Next weekend, I’m honored to be a guest at Her Royal Majesty’s Steampunk Symposium. You can read all about the convention at hrmsteam.com. The Symposium is being held aboard the Queen Mary, which is permanently docked in Long Beach, California. The Queen Mary began service in 1936 and had a long and distinguished career up until 1966.
One of the things I love about visiting the Queen Mary is that it provides a window into what traveling from Europe to North America was like in the 1930s and 1940s. You can spend nights in the staterooms, dine in the restaurants and visit the control areas and engine room. I also find it interesting that the Queen Mary’s early years of service overlapped with the last years of the great airships. I’ve always had a fascination with the Hindenburg and the Graf Zeppelin and would love to travel on an airship.
Last year Hungur magazine ran a story about Desmond Drake (also known as Desmond Lord Draco), traveling aboard the Hindenburg during it’s fateful final voyage in 1937. Here’s a snippet.
After passing a few hours in the ship’s bow, Drake decided it was late enough that he could venture toward the passenger area. He stepped down the stairs that led from the bow to the lower catwalk. Moving past the officer’s cabins and the radio room, he came to the passenger cabins. Climbing up a set of stairs, and turning off the main corridor, he came to the cabin of an air ministry colonel named Erdmann. Drake didn’t mind taking blood from loyal Nazis.
Just as he reached down to grab the handle, an eerie green glow began pulsating along the doorframe.
A rustling and chattering started within the rooms. Drake melted into the shadows as people emerged from their cabins and drifted toward the passenger lounge on the ship’s starboard side. Stealthily, Drake followed, keeping to the shadows, which proved difficult with the eerie green light pulsating along all the metal support structures.
As Drake reached the lounge, the green glow began to fade. Near the entrance to the luxurious room, Captain Ernst Lehman held up his hands. Lehman wasn’t in command of the ship, but he was aboard as director of the Zeppelin Company. “The light is perfectly ordinary, nothing to worry about,” he said. “It’s just St. Elmo’s Fire. We see it much of the time when we pass near storms. It’s just the result of charge building up on our hull. As you can see it’s already dissipating.”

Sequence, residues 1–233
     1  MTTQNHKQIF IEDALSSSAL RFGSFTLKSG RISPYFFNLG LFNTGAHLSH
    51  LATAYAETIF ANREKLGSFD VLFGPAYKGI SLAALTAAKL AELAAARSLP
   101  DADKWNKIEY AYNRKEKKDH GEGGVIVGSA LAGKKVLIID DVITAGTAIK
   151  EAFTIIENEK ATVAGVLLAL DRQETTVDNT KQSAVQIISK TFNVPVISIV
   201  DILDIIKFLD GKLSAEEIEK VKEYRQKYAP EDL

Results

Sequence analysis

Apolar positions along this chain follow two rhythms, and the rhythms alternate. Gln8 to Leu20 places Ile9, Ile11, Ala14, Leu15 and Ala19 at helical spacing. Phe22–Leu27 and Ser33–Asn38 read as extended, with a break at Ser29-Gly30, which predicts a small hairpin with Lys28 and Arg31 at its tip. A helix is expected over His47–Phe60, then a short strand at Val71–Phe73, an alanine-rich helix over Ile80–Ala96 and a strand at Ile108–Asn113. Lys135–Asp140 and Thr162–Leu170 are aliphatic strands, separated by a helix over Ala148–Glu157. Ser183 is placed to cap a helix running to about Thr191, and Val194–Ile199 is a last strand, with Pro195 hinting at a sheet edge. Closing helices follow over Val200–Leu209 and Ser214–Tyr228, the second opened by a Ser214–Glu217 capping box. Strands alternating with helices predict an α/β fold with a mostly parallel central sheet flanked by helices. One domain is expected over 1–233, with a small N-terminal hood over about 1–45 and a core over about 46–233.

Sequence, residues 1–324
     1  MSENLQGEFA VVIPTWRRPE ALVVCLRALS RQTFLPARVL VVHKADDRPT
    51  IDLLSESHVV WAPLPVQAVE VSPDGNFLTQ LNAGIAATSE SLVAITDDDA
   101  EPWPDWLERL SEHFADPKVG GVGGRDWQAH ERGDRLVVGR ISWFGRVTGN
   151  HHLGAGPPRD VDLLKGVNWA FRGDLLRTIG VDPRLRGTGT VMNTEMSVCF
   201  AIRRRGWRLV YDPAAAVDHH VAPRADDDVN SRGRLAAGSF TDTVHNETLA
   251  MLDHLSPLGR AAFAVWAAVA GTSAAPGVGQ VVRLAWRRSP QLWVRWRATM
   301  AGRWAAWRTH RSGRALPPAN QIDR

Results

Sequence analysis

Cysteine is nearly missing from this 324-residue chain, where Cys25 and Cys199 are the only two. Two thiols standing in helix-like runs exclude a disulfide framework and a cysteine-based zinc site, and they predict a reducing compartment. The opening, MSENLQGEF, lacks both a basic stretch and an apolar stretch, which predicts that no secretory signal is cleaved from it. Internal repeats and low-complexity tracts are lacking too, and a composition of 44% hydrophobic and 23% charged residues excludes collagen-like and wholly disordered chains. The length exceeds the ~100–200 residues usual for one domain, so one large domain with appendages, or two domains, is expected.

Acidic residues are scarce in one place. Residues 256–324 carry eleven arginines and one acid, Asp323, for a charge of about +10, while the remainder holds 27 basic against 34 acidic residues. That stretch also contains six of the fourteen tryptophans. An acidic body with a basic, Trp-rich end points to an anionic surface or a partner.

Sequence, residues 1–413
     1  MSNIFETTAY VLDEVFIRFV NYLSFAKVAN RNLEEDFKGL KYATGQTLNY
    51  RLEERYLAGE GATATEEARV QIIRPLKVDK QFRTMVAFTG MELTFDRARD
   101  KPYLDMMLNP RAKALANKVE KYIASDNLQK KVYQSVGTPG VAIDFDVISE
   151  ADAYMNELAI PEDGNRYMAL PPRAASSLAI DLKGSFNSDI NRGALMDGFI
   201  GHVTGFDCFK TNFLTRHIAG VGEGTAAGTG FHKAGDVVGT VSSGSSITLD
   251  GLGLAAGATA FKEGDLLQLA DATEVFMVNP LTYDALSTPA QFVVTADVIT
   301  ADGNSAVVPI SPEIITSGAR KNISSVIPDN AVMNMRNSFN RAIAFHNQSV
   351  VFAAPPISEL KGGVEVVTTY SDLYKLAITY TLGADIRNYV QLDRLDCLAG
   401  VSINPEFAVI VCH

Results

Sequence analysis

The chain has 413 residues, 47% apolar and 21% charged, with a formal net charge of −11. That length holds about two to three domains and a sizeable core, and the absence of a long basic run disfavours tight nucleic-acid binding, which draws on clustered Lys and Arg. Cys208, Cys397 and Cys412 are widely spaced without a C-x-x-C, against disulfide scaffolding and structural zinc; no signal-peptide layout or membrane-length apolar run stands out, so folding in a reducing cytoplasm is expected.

The passengers murmured and nodded, then most shuffled back to their cabins. Some moved toward the bar, instead. Drake presumed they were looking for something to drink, to help settle their nerves. He decided it would be a while longer before things settled down enough for him to feed.
Emerging from the shadows, he pretended to be a bleary-eyed passenger. He stepped over to the large promenade windows. Looking outside, he saw that the storm was dissipating. Icebergs drifted on the water below. Turning around, he admired the simple, clean décor of the lounge. A world map adorned one wall. Aside from that, the walls were white. Aluminum-framed, brown-upholstered chairs sat at tidy little tables. The ancient vampire felt as though he was looking at the world of the future, and he liked what he saw.
If you enjoyed this excerpt and would like to read the rest of the story, it’s in the autumn 2011 issue of Hungur Magazine. There’s also an exclusive interview with me in the issue. Of course you can find more of Desmond Drake’s adventures in my novels Dragon’s Fall and Vampires of the Scarlet Order. Clicking on the covers below will take you to places where you may purchase the books.